What We Are Reading Today: Chaucer: A European Life by Marion Turner

Updated 20 March 2019
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What We Are Reading Today: Chaucer: A European Life by Marion Turner

  • Marion Turner reconstructs in unprecedented detail the cosmopolitan world of Chaucer’s adventurous life

More than any other canonical English writer, Geoffrey Chaucer lived and worked at the center of political life—yet his poems are anything but conventional. Edgy, complicated, and often dark, they reflect a conflicted world, and their astonishing diversity and innovative language earned Chaucer renown as the father of English literature. Marion Turner, however, reveals him as a great European writer and thinker. To understand his accomplishment, she reconstructs in unprecedented detail the cosmopolitan world of Chaucer’s adventurous life, focusing on the places and spaces that fired his imagination, according to a review on the Princeton University Press website. 

Uncovering important new information about Chaucer’s travels, private life, and the early circulation of his writings, this innovative biography documents a series of vivid episodes, moving from the commercial wharves of London to the frescoed chapels of Florence and the kingdom of Navarre, where Christians, Muslims, and Jews lived side by side. The narrative recounts Chaucer’s experiences as a prisoner of war in France, as a father visiting his daughter’s nunnery, as a member of a chaotic Parliament, and as a diplomat in Milan, where he encountered the writings of Dante and Boccaccio. The book also offers a comprehensive exploration of Chaucer’s writings.


Lefaucheux revolver ‘Van Gogh killed himself with’ up for auction

Updated 17 June 2019
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Lefaucheux revolver ‘Van Gogh killed himself with’ up for auction

  • Van Gogh experts believe that he shot himself with the gun near the village of Auvers-sur-Oise north of Paris
  • The seven-millimeter Lefaucheux revolver is expected to fetch up to $67,000

PARIS: The revolver with which Vincent van Gogh is believed to have shot himself is to go under the hammer Wednesday at a Paris auction house.
Billed as “the most famous weapon in the history of art,” the seven mm Lefaucheux revolver is expected to fetch up to $67,000 (€60,000).
Van Gogh experts believe that he shot himself with the revolver near the village of Auvers-sur-Oise north of Paris, where he spent the last few months of his life in 1890.
Discovered by a farmer in 1965 in the same field where the troubled Dutch painter is thought to have fatally wounded himself, the gun has already been exhibited at the Van Gogh Museum in Amsterdam.
While Art Auction, who are selling the gun, say there is no way of being absolutely certain that it is the fatal weapon, tests showed it had been in the ground for 75 years, which would fit.
The Dutch artist had borrowed the gun from the owner of the inn in the village where he was staying.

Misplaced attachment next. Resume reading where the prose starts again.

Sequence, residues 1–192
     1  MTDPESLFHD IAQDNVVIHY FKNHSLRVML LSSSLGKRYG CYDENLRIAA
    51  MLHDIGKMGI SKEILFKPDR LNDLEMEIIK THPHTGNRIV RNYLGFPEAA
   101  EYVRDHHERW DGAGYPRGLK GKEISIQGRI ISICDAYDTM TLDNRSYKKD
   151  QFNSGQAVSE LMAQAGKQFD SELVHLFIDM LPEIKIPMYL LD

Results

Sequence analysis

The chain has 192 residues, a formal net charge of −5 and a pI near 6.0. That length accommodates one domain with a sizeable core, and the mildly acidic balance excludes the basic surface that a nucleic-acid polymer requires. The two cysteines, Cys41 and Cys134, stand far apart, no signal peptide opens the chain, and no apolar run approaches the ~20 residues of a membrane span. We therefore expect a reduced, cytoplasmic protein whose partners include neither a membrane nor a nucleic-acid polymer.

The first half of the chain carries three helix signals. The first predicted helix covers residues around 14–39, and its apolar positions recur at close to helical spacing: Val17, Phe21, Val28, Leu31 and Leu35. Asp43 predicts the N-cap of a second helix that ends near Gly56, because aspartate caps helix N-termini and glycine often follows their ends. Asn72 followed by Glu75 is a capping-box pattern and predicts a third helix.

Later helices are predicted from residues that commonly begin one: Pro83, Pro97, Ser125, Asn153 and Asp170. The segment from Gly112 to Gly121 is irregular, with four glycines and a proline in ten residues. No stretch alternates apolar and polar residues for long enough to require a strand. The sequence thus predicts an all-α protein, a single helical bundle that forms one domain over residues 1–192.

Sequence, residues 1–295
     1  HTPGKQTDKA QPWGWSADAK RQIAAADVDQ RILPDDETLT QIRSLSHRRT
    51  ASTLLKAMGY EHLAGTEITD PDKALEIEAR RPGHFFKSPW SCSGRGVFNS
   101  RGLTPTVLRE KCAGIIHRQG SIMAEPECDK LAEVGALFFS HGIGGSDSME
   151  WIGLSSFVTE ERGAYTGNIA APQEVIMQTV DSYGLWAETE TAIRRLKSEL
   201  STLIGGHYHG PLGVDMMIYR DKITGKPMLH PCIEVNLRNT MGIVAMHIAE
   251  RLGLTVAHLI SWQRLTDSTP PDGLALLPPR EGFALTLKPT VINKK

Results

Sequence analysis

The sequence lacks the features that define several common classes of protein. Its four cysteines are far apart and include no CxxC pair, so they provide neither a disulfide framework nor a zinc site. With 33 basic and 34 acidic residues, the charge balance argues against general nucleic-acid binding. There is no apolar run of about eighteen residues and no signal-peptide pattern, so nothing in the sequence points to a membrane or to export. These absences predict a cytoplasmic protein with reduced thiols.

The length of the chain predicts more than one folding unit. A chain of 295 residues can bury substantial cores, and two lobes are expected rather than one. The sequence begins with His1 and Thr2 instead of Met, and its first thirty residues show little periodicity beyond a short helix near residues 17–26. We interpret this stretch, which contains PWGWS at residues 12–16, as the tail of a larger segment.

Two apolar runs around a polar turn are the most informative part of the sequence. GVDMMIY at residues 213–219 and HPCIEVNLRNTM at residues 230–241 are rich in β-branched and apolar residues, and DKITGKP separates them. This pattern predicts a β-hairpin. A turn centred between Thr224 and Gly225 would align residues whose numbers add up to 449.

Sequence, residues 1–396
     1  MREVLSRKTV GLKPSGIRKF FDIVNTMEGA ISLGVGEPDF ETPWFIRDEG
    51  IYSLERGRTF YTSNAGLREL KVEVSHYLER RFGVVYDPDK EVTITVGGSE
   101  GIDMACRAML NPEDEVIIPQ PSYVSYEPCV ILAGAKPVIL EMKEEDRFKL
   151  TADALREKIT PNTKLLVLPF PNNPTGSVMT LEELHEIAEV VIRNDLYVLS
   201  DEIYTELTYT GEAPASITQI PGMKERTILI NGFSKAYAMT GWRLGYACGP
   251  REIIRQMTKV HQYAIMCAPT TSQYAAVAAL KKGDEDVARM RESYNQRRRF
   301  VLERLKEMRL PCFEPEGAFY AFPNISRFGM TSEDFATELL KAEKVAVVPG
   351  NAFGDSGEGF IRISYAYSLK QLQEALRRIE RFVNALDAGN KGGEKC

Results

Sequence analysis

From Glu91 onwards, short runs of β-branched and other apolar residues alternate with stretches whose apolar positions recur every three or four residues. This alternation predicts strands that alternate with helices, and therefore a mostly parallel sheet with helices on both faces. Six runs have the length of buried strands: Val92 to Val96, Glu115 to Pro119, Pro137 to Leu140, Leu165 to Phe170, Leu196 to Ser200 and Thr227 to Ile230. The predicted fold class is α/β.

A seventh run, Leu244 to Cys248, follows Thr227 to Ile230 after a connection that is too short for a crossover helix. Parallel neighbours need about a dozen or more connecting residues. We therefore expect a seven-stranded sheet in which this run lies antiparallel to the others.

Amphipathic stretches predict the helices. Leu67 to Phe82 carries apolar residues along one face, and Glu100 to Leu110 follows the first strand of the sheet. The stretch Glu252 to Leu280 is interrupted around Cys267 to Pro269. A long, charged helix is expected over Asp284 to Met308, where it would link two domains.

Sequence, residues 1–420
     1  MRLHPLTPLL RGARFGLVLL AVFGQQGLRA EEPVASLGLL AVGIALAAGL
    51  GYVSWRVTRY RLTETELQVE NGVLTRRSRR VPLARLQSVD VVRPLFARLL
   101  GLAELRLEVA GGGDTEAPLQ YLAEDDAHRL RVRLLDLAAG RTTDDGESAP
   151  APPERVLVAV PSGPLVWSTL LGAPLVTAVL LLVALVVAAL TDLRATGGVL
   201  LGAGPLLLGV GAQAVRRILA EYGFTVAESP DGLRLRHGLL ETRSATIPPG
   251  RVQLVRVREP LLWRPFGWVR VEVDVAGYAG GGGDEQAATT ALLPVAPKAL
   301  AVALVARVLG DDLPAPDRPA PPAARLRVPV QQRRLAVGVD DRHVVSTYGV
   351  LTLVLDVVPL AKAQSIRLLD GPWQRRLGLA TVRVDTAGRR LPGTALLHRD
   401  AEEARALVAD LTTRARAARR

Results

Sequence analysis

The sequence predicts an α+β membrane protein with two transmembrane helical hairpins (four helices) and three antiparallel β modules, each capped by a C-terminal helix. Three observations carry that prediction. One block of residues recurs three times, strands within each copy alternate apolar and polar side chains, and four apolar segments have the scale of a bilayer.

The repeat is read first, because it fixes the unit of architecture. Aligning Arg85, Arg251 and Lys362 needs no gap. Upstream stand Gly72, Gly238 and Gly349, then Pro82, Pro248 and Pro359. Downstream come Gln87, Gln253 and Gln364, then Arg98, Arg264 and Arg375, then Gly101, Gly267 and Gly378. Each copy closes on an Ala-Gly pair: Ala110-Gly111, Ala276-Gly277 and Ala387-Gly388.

He died 36 hours later after staggering wounded back to the auberge in the dark.
It was not his first dramatic act of self-harm. Two years earlier in 1888, he cut off his ear before offering it to a woman in a brothel in Arles in the south of France.
While most art historians agree that Van Gogh killed himself, that assumption has been questioned in recent years, with some researchers claiming that the fatal shot may have been fired accidentally by two local boys playing with the weapon in the field.
That theory won fresh support from a new biopic of the artist starring Willem Dafoe, “At Eternity’s Gate.”
Its director, the renowned American painter Julian Schnabel, said that Van Gogh had painted 75 canvasses in his 80 days at Auvers-sur-Oise and was unlikely to be suicidal.
The legendary French screenwriter Jean-Claude Carriere — who co-wrote the script with Schnabel — insisted that there “is absolutely no proof he killed himself.
“Do I believe that Van Gogh killed himself? Absolutely not!” he declared when the film was premiered at the Venice film festival last September.
He said Van Gogh painted some of his best work in his final days, including his “Portrait of Dr. Gachet,” the local doctor who later tried to save his life.
It set a world record when it sold for $82.5 million in 1990.
The bullet Dr. Gachet extracted from Van Gogh’s chest was the same caliber as the one used by the Lefaucheux revolver.
“Van Gogh was working constantly. Every day he made a new work. He was not at all sad,” Carriere argued.
In the film the gun goes off after the two young boys, who were brothers, got into a struggle with the bohemian stranger.
Auction Art said that the farmer who found the gun in 1965 gave it to the owners of the inn at Auvers-sur-Oise, whose family are now selling it.
“Technical tests on the weapon have shown the weapon was used and indicate that it stayed in the ground for a period that would coincide with 1890,” it said.
“All these clues give credence to the theory that this is the weapon used in the suicide.”
That did not exclude, the auction house added, that the gun could also have been hidden or abandoned by the two young brothers in the field.
The auction comes as crowds are flocking to an immersive Van Gogh exhibition in the French capital which allows “the audience to enter his landscapes” through projections on the gallery’s walls, ceilings and floors.
“Van Gogh, Starry Night” runs at the Atelier des Lumieres in the east of the city until December.